Science informs almost every area of public policy. The Parliamentary Office of Science and Technology (POST) is the body responsible for bringing issues related to science and technology to the attention of MPs to inform parliamentary debate.
They go about doing this in various ways, from producing special briefings, called POSTnotes, to supporting and organising discussions. Yesterday, POST organised one such event: an interactive exhibition for parliamentarians and guests to experience some of the work funded in the UK by the leading research public sector bodies.
The AHRC was represented by the Science and Heritage programme. As one of the PhD students in this programme, I was invited, together with two others, to present our work on colour photographs (me), tapestries (Philippa Duffus), and limestone buildings (Rachel Walker).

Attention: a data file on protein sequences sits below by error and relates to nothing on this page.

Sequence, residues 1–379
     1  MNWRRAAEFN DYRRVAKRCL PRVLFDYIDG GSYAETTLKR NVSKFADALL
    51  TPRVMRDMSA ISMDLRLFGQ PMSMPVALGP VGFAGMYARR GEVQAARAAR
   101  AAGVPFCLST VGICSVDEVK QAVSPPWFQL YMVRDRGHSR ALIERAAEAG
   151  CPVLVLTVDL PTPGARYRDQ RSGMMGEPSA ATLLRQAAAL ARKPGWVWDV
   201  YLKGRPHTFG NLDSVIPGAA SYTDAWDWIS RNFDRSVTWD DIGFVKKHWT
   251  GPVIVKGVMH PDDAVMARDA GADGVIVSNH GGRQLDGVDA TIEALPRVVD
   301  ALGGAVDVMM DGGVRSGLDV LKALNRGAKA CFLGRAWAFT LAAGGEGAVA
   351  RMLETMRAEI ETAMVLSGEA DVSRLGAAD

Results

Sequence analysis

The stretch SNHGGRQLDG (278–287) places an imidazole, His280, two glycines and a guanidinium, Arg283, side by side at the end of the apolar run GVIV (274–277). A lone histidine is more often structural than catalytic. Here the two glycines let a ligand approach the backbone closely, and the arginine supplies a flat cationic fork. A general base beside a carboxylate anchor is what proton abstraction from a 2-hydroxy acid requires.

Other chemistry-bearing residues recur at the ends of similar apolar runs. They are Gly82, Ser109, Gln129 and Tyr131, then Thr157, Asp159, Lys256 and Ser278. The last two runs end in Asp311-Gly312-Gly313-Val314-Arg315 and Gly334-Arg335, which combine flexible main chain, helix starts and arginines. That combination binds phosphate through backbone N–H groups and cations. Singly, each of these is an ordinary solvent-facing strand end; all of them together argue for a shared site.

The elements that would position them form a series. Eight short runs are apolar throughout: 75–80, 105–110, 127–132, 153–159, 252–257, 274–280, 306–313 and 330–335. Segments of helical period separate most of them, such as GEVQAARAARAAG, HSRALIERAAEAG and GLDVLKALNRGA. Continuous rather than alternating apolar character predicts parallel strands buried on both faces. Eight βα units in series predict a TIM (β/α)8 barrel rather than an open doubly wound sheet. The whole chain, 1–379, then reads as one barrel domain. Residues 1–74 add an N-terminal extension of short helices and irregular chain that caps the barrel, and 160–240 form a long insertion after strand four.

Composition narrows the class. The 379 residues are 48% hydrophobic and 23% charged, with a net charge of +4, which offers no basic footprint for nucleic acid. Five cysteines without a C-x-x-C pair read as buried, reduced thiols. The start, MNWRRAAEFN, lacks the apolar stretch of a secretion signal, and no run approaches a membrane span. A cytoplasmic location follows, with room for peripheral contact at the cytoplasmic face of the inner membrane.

As it was a hands-on exhibition, I wanted to take something which people can see and touch themselves. I went there with my NIR spectrophotometer and a couple of photographs, to show people how dating colour photographs can be carried out using a portable piece of equipment.
This was my first time attending such an event. The experience of interacting with so many people, many of which seemed genuinely interested in the research, was highly invigorating. I also enjoyed the fact that the people there varied from professors of chemistry, to people with no science background. It was a challenge, but one I relished, trying to pitch the individual presentations at the right level.
I left the place highly enthused about what I am doing. Would I do it again? Definitely! Thanks to the AHRC and to the Science and Heritage programme for giving me the opportunity!